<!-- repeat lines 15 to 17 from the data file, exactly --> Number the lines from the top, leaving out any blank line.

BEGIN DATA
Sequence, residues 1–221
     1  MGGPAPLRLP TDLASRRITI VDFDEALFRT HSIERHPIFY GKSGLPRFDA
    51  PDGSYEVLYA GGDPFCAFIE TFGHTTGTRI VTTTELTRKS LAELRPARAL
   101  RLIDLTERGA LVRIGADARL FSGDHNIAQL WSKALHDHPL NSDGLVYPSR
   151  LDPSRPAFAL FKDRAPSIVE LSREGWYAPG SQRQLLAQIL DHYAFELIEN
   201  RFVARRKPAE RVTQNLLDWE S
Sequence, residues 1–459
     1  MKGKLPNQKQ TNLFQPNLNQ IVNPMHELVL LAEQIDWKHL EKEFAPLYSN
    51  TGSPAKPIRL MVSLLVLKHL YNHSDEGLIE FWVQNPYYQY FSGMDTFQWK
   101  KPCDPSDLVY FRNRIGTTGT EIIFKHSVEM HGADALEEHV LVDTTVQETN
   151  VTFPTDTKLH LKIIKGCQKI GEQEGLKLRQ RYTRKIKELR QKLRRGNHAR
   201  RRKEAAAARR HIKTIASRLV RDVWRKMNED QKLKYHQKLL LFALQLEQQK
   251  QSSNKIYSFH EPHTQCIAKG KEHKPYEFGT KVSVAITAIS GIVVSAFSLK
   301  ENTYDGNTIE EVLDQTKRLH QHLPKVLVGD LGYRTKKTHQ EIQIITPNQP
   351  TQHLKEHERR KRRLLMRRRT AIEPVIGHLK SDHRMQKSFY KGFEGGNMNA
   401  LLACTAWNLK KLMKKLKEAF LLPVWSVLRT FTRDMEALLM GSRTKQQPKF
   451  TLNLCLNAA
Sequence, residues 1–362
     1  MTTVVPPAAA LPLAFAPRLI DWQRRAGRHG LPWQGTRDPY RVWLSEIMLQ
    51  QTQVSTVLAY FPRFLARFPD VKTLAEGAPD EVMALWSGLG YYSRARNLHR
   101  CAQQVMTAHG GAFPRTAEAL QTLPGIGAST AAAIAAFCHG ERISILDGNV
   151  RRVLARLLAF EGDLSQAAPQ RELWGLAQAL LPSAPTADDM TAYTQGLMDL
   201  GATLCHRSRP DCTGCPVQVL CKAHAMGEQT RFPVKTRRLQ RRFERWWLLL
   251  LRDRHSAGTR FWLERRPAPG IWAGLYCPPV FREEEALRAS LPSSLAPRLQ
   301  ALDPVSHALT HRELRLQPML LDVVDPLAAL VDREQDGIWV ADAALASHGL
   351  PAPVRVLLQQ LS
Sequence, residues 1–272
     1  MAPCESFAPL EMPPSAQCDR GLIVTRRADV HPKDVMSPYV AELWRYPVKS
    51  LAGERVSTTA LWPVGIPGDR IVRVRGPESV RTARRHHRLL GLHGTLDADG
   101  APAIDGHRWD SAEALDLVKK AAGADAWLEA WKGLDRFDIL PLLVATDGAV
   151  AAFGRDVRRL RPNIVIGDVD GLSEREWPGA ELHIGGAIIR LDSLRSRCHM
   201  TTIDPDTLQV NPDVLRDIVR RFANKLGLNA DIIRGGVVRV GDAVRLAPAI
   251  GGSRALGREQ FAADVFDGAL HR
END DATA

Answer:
   351  TQHLKEHERR KRRLLMRRRT AIEPVIGHLK SDHRMQKSFY KGFEGGNMNA
   401  LLACTAWNLK KLMKKLKEAF LLPVWSVLRT FTRDMEALLM GSRTKQQPKF
   451  TLNLCLNAA